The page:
Cleaning Your Diamond Jewelry

Depending on the setting you choose, you can soak your diamond engagement and/or wedding rings for up to 30 minutes in a solution of dishwashing liquid and water. This is best suited to prong and cathedral settings. In pave and basket settings, however, soaking the rings can increase the likelihood of the gems coming loose. Be mindful of this when you decide to soak any jewelry piece use mild dish soap in warm water and soak your jewelry for a few minutes. Using a soft cloth or cotton swab, gently scrub the metal (gold, platinum, silver) and then rinse. Repeat the process if necessary, but always proceed with caution when it comes to soaking jewelry.You can use a soft-bristle toothbrush to remove dirt that is lodged in between the prongs and the diamonds. If fibers from cloth get stuck in the setting, gently use tweezers to remove them. Again, be careful of the metal. Even though diamonds can only be scratched by other diamonds, the precious metals into which they are set can be scratched more easily.Ionic cleaners can be used on most diamond jewelry. If your engagement ring is set with stones other than diamonds, consider other cleaning methods, as some gemstones are adversely affected by the electrical current in the ionic cleaning process.When storing your diamond jewelry, be sure to keep it separate from other jewelry. Remember that diamonds can not only scratch any other jewelry you have, but can scratch each other as well. Make sure that two diamond pieces are not being stored in such a way that they touch each other.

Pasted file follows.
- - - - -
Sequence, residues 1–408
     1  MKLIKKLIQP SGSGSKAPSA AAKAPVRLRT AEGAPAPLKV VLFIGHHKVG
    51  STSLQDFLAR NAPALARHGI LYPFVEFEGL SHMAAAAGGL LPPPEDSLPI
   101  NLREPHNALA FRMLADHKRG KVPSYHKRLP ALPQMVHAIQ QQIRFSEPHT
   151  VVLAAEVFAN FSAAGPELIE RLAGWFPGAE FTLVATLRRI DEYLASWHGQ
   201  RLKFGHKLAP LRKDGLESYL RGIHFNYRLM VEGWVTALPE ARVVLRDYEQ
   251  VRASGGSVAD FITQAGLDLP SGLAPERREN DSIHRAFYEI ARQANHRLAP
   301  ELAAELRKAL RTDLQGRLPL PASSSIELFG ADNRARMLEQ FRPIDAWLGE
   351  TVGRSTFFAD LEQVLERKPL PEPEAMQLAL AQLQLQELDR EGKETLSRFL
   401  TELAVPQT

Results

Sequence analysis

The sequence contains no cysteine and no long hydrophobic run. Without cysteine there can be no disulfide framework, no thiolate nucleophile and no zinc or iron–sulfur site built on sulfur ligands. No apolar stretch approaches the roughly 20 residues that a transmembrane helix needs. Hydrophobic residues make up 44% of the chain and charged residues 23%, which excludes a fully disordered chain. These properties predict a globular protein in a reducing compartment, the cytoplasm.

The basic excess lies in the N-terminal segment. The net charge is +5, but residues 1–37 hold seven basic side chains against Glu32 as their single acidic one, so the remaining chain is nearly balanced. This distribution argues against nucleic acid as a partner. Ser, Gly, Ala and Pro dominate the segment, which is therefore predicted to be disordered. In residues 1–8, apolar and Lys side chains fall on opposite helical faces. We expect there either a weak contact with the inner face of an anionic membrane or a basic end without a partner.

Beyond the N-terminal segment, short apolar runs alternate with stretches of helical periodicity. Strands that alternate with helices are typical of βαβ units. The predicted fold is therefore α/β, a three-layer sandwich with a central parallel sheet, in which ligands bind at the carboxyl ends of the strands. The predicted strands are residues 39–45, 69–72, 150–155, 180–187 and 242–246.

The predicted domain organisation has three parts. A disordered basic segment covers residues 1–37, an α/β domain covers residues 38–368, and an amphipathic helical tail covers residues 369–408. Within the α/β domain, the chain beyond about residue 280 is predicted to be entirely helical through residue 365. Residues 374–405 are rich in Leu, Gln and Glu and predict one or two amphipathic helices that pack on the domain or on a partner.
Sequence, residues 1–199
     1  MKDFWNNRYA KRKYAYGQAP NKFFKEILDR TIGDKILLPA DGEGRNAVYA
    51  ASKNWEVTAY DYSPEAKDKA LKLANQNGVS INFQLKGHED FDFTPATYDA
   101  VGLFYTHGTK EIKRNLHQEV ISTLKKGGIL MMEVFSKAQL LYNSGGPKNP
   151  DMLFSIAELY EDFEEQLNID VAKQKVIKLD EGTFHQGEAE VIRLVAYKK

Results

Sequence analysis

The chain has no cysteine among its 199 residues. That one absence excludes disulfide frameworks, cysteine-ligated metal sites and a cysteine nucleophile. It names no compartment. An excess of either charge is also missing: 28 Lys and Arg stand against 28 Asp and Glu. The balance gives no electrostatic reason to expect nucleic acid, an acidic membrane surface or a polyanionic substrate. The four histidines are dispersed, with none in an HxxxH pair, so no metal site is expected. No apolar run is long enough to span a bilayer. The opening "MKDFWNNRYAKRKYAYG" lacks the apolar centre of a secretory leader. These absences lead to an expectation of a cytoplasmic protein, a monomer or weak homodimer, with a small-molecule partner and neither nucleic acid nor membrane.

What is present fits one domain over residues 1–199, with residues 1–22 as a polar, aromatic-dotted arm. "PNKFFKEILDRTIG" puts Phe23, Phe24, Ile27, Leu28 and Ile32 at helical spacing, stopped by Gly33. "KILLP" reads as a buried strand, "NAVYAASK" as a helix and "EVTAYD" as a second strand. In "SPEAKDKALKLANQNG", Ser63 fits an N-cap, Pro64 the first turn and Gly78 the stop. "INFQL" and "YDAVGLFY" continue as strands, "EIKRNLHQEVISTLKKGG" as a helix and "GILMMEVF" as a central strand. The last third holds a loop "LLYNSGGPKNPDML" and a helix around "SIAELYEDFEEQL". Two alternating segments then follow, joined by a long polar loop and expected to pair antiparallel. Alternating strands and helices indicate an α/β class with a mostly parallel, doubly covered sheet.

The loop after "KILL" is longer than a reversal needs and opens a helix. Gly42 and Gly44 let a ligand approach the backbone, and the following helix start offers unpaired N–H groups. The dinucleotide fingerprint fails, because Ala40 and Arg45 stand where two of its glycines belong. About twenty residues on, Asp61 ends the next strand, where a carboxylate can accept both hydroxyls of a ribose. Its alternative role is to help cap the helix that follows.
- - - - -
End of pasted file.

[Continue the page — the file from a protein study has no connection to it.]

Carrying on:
First, get your jewelry appraised by a professional jewelry appraiser. For diamonds and gemstones, it's a good idea to find an appraiser that has been certified by a gemological lab, such as the GIA, EGL, ISI or AGS. You must usually have an appraisal report in hand prior to obtaining jewelry insurance.

Second, find out what jewelry coverage is included in your existing homeowners or renters policy. If the coverage is inadequate, you may need to add a jewelry addendum or purchase a separate policy. Some questions you should ask your agent include:

  • Do you need to have your jewelry appraised by an insurance company‐approved appraiser or can you use your own?
  • Will the policy cover you for any losses when traveling?
  • How will you be required to prove the loss of your jewelry?
  • Does the policy only cover theft or will it also cover mysterious disappearance, damage, or loss due to a fire or other disaster?
  • Will your jewelry be covered for full replacement cost? Will the insurance company send you a check, or will they require you to replace your lost piece with one that is same? Or with a similar item from a certain store?

    It is recommend that you have your covered jewelry reappraised every two to four years. Notify your insurance broker/agent of any changes to make certain that your coverage continues to reflect its fair market value.